The Digital Marketing 80/20 Rule for Small Business Owners
Understanding the Problem with Digital Marketing
Digital marketing is unquestionably the key to success for pretty much every single business. With close to all new customers today first finding a business online, it’s safe to say that if you don’t nail the specifics of digital marketing, you’re just not going to be successful, particularly if you are a new business.
Even if you are an existing business, you’re just not going to get the new customers, it will be increasingly difficult to keep your existing customers, and you’re not going to increase your order value.
However, it can be a frustrating nightmare for small business owners because there is just no common repository of knowledge of help and advice. While it’s critically important to devote a good chunk of your efforts to online promotion, it’s ridiculously frustrating and hard to get right.
What Do You Focus Your Marketing On?
The internet is key to getting new customers, whether it’s from Google or Facebook, referrals or reviews.
Any marketing plan needs to focus on the following three things:
- Getting new customers
- Keeping existing customers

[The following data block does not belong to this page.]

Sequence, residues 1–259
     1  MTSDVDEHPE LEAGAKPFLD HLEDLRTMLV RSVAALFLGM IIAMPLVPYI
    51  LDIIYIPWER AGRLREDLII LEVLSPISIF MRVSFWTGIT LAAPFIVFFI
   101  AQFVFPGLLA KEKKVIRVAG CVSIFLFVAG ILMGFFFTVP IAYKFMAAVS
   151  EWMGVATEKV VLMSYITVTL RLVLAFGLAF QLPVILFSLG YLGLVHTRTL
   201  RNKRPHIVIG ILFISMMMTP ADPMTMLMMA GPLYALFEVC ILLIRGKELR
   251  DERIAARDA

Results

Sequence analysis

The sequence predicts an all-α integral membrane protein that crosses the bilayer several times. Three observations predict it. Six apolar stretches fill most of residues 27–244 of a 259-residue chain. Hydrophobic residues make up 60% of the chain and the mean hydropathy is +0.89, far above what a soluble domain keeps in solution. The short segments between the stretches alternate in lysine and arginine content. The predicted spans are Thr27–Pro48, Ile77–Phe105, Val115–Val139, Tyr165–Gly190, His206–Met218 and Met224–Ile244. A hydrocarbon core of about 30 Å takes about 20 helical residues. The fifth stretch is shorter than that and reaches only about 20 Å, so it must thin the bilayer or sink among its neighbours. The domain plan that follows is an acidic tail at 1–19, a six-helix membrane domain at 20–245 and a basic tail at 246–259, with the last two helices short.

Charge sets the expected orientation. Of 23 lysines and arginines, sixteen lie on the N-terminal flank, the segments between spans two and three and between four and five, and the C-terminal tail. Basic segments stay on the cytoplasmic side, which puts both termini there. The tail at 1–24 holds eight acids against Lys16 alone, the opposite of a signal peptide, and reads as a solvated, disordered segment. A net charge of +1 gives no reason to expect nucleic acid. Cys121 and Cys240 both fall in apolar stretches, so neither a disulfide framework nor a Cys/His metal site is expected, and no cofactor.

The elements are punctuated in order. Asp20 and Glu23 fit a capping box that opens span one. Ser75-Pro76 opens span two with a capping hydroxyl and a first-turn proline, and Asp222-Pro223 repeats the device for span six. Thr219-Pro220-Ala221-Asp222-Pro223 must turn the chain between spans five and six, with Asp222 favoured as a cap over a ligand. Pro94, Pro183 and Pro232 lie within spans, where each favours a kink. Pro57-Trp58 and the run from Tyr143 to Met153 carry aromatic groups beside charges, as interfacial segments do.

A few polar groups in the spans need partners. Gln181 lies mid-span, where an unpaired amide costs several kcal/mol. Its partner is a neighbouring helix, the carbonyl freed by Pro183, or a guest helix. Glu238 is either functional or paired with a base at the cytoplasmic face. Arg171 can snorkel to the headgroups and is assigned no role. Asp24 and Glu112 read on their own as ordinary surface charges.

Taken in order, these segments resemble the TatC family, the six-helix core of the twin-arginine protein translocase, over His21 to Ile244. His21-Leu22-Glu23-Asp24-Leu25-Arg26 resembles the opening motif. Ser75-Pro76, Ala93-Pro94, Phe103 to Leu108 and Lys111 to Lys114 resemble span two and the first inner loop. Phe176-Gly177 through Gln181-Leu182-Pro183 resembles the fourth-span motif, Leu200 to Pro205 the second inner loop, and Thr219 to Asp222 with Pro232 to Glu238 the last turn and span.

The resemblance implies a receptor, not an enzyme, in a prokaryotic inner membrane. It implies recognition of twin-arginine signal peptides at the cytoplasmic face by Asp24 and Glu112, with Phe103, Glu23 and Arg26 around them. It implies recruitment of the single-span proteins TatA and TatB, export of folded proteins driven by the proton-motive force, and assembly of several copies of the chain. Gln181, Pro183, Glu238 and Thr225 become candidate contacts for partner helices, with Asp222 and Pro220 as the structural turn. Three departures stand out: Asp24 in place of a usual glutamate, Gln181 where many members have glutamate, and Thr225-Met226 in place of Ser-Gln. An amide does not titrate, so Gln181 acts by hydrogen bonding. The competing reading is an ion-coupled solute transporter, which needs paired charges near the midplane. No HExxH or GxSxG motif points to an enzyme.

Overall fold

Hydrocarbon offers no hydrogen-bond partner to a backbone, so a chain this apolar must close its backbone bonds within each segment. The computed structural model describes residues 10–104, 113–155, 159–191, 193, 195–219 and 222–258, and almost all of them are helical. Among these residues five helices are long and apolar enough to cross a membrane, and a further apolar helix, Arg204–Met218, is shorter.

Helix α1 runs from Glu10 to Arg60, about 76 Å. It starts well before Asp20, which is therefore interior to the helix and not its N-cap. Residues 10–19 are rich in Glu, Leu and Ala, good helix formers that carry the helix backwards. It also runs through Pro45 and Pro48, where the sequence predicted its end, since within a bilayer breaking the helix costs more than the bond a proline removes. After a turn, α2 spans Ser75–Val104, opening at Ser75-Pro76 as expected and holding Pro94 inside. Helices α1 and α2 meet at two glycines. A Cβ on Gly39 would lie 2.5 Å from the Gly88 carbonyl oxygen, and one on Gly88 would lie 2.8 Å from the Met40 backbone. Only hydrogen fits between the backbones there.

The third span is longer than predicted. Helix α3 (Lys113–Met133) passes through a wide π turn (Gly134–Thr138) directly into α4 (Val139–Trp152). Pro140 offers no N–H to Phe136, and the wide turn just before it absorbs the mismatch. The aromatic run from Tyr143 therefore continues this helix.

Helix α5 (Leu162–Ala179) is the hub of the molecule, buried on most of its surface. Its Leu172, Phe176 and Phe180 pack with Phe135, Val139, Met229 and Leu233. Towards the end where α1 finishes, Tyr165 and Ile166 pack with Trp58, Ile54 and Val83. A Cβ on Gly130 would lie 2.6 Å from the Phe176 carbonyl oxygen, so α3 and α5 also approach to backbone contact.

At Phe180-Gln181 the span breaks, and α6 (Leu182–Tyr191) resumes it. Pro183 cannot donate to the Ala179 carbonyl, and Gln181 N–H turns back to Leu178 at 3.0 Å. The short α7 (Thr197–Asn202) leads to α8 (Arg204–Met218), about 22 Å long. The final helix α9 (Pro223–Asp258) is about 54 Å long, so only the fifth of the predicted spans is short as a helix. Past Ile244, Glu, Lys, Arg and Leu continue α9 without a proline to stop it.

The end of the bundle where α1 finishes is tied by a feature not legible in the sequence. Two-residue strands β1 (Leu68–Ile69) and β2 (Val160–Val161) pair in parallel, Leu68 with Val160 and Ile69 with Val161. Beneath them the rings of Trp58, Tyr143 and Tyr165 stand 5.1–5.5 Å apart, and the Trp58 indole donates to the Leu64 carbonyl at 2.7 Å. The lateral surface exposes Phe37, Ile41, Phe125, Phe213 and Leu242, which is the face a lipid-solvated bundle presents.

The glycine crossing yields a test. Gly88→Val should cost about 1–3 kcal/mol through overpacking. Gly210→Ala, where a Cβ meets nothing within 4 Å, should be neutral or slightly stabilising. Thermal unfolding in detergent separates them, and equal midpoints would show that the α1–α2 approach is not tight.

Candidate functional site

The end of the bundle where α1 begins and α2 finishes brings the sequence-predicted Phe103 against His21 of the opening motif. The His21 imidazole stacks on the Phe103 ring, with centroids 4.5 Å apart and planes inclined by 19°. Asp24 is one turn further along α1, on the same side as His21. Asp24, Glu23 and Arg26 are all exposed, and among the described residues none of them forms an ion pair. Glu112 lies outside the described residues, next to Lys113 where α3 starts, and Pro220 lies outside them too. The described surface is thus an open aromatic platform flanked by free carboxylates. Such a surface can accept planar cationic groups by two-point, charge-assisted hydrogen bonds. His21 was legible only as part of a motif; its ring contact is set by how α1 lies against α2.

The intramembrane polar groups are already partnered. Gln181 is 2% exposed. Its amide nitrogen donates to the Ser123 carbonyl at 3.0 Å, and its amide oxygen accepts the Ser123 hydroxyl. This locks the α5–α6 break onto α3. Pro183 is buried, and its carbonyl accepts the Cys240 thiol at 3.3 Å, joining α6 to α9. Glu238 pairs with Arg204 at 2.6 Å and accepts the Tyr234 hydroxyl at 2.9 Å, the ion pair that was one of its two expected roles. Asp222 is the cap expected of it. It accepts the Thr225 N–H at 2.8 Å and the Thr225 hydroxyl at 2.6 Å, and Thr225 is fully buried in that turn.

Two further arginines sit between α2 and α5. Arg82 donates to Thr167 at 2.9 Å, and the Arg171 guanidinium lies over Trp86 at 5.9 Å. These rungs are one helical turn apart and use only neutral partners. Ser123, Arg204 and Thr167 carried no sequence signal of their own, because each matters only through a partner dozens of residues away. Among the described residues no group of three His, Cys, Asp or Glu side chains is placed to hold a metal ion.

- Increasing average order values
This has always been true for any business in history. Things are exceptional today, as never before has there been so much power available in the hands of a small business owner. We have a huge variety of sources to market our business:
- Google Search
- Google Maps
- Email marketing
- Text marketing
- Paid advertising
- Facebook and social media
- Review sites and online directories
- Video media
Unfortunately, all this power and choice causes all sorts of problems due to the incredible complexity and the inability to really focus. As a small business owner, what do you choose?
With so many options, you may suffer from “paralysis by analysis” because since you have so many things you could be doing, nothing gets done.
Worse, you may be constantly worried that your competition is doing so much better than you are, and understands everything they need to know about digital marketing. They seem to show up when people search for the services you also provide.
How do you even know where to start?
3 Solutions for Small Business Owners
So what is the solution to this dilemma and complexity of choice?
Solution 1: Become an expert in digital marketing
You could spend all of your time trying to learn how to be an expert Facebook marketer, how to be an expert with reputation management, how to build the best customer relationship management software you can possibly can, how to do search engine optimization within Google, etc.
You could conceivably become an expert in all those things but is it not easy to do. Where do you have the time, when are you able to focus on it? After all, you have your own business to run!
It’s not that it’s impossible to learn it all, but it takes time and an investment that most small business owners don’t have. After all, they are busy trying to grow their own business services!
The other annoying thing about digital marketing is that it changes regularly, and is often hard to keep up with.